Jim Balsillie: Two Quotes Tell the True Story

Steve ThompsonAnalyst IIIAugust 10, 2009

PITTSBURGH - OCTOBER 05:  Jim Balsillie Chairman and Co-CEO of Research In Motion and new owner of the Pittsburgh Penguins poses with his Blackberry in a press conference announcing the purchase of the team alongside Mario Lemieux after the first period at Mellon Arena on October 5, 2006 in Pittsburgh, Pennsylvania.  (Photo by Harry How/Getty Images)

There was a short article in today's Toronto Sun telling how the NHL owners want Jim Balsillie's bid eliminated because they have already unanimously rejected him.

I have mentioned in numerous articles the NHL owner alliance between Canadian team owners who want to preserve their monopoly of TV money and their territorial rights, and American owners who want to make hockey one of the big-four sports in the United States, complete with a rich American TV contract.

There were two quotes in this article that show exactly how this thinking dominates the NHL, and why things have happened the way they have happened.  

They also show why Jim Balsillie has resorted to tactics that have embarrassed the league and increased the hostility towards him.

The first quote comes from a document that Balsillie filed with the U.S. Bankruptcy Court two days after the NHL vote.  This was about the impression he had of the Board of Governors during his only interview before them.

He said his interview was "a strong and rather hostile interrogation by persons whose minds appear to have been made up before the meeting began."

The other quote came from the NHL, in its 26 page motion to have Balsillie disqualified from bidding.  It accuses Balsillie and ousted owner Jerry Moyes of trying to force their way into the NHL via the "back door" of bankruptcy.

The filing says that,  "There is only a front door, and now it is unavailable to Mr. Balsillie."

The first quote implies that Balsillie faced a negative audience before he ever opened his mouth.  In other words, the NHL Board of Governors is not prepared to sanction a franchise transfer to Canada, no matter who is making the bid.

When Balsillie sensed this, he resorted to tactics that embarrassed the league by playing up its anti-Canadian attitude, notably by selling tickets before getting Nashville, and by forming MakeItSeven before getting Phoenix.  

What did he have to lose?  The Board was going to oppose him no matter what he did.

If Canadians had any doubt that an anti-Canadian attitude exists in the NHL, Balsillie's impression of the Board of Governors ought to remove all speculation.

And, as I have listed in previous articles, the league's history since 1967 amply illustrates this.  Except for the transfer of Atlanta to Calgary, and the admission of Ottawa at the expense of Hamilton, the NHL has opposed every effort to add more Canadian teams.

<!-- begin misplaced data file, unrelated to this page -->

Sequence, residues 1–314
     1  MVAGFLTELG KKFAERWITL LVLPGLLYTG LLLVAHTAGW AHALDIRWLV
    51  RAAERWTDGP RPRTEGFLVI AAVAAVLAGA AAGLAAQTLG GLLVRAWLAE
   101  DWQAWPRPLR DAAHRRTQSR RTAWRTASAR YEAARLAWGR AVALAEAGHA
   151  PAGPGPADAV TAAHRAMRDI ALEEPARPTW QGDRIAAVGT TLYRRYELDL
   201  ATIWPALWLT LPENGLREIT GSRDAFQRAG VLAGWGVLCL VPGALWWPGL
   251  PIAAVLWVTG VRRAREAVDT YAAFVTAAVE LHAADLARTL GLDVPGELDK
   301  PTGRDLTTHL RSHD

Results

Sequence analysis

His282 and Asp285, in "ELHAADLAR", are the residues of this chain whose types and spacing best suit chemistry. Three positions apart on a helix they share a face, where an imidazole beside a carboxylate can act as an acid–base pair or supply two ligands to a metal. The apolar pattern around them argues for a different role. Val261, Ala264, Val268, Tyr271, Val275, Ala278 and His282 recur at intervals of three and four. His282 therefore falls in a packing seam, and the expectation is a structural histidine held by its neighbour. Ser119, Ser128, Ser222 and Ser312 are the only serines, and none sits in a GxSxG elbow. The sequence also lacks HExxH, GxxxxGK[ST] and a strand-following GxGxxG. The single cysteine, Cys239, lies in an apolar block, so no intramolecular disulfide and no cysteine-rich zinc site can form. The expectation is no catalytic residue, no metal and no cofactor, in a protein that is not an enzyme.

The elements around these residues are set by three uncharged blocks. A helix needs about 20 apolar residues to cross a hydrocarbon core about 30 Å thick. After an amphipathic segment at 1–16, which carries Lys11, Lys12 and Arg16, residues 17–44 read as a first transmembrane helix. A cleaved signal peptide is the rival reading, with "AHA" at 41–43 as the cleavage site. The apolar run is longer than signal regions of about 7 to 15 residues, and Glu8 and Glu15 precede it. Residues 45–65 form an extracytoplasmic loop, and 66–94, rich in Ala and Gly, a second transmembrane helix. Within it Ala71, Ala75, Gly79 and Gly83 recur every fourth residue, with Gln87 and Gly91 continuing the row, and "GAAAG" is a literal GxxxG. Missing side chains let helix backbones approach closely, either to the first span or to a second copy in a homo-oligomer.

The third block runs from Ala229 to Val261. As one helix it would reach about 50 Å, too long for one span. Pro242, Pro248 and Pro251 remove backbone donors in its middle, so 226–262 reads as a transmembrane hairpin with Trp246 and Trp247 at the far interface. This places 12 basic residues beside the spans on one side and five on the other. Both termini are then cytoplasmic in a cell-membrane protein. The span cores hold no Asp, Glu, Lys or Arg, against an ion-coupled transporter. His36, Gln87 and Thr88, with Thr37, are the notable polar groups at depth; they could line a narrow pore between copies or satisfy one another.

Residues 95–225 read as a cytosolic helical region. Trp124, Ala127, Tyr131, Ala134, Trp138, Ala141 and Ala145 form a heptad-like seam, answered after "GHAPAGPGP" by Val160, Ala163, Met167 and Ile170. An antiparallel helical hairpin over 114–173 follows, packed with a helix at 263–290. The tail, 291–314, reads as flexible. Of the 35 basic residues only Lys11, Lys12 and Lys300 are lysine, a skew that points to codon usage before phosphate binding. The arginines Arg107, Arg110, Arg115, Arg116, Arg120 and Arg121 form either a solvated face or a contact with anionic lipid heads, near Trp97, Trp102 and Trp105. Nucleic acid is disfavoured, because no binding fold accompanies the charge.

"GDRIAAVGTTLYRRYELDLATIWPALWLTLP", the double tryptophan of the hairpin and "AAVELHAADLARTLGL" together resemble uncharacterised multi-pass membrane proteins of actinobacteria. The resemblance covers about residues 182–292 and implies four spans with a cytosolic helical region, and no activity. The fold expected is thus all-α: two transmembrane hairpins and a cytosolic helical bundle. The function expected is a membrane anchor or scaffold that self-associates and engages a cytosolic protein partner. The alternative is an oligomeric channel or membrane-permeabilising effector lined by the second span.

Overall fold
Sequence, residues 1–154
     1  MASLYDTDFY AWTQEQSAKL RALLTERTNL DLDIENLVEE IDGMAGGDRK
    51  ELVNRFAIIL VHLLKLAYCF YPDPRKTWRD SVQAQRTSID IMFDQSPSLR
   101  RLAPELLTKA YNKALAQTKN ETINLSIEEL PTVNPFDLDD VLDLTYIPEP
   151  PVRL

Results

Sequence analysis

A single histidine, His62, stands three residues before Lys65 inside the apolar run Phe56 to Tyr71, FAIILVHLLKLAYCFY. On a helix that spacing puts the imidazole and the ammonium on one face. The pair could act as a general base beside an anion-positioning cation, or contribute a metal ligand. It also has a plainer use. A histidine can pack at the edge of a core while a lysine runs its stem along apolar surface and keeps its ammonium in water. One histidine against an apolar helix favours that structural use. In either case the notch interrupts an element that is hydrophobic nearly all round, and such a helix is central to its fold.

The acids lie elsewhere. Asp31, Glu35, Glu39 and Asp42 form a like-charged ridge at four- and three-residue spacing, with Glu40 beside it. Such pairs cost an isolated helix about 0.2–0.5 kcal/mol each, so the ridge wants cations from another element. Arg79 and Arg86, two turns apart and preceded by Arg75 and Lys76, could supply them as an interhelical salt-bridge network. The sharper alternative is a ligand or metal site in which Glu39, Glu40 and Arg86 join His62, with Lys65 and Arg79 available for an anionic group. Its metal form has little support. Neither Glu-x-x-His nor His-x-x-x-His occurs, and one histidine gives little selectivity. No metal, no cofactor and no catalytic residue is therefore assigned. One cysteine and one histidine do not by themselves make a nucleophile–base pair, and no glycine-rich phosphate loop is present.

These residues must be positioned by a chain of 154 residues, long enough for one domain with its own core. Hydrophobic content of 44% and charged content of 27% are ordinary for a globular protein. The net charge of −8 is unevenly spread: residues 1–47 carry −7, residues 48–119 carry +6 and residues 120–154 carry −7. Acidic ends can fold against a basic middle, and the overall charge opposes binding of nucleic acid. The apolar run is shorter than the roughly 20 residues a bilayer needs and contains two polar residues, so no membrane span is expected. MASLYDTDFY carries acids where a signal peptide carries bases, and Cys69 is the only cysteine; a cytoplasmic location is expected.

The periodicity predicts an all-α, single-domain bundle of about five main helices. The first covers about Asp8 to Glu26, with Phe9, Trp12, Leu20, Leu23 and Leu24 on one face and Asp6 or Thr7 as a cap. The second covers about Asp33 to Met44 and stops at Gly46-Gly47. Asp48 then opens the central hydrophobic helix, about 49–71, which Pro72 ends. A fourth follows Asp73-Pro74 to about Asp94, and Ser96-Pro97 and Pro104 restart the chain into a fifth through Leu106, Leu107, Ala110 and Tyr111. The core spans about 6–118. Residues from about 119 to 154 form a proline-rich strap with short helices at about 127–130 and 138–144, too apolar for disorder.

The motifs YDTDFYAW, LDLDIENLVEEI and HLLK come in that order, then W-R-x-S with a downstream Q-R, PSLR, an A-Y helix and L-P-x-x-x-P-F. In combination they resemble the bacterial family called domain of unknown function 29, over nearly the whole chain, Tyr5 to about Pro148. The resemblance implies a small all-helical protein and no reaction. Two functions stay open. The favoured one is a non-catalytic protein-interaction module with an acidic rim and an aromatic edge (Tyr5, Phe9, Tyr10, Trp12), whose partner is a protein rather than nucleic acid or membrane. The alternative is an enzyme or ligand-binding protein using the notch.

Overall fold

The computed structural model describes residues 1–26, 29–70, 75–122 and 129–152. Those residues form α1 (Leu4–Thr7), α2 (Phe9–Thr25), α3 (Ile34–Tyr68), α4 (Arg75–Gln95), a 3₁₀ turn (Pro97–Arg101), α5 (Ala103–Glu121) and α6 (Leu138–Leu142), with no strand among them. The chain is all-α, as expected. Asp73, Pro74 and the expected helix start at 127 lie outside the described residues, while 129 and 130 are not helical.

Vancouver, Edmonton, Winnipeg, Quebec, and Hamilton have all encountered NHL hostility.

The second quote implies that Balsillie's embarrassing actions have closed forever the door to his admission to the NHL.  

But the door was never, ever open:  Balsillie or any bidder for any American team that wants to shift it to Canada would automatically be guaranteed a hostile reaction.

The NHL's claim that Balsillie is an untrustworthy, unsavory character is laughable, considering the criminals that have graced the ranks of the Board of Governors.  It comes across like a little kid calling people names.

Anybody who proposes a franchise transfer to Canada automatically has "unsavory" character in the NHL's eyes.

So what should Balsillie do?

Before details of the bids leaked out, I wouldn't have given him a penny for his chances, but the other two bids are so laughable, in that they provide scarcely a penny for the creditors, that the judge may be forced to give him the Coyotes by default.

But I think it's best for everyone concerned, especially Balsillie, if he walks away from it.

Even if the judge awards him the team, that seems now likely, the NHL is probably devising some strategies to block his ownership, should the worst occur.

The smart thing for the NHL to do would be to come to terms with Balsille, take his money, and not waste any more time and resources on a needless fight.

Balsillie's transfer of one American franchise is hardly going to threaten the American owners' goal of getting a rich TV contract.  It's even more absurd when they are willing to give Jerry Reinsdorf an escape clause if he gets the team.

When Canada had eight teams instead of six, Canadian owners still made money by their TV deal.  Even if they move back to seven, they'll still make a profit, and this kind of conflict can be avoided in the future by negotiating Canadian TV contracts that pay more money if more Canadian teams are added.

The only outstanding issue is to provide suitable compensation for Toronto and Buffalo, and Balsillie has said he is willing to do this.

But the NHL is so paranoid, they are willing to engage in a fight to the death to preserve a franchise that has never made a cent since it landed in Phoenix.

I know Balsillie has his heart set on being an NHL owner, but does he really need this? Does he really want to be partners with a group of owners who hate his guts?

If he wants to be a sports owner, the CFL would welcome him with open arms, if he would add a tenth Canadian franchise.

And if he wants to be a hockey team owner, he would do better to start his own league like the WHA in the 1970's, only smarter.  One that could win a war with the NHL, or at least fight to a stalemate like the WHA did.

That was the way Canadian cities forced their way into the NHL.  Not through an open door...but with a gun to the NHL's head.


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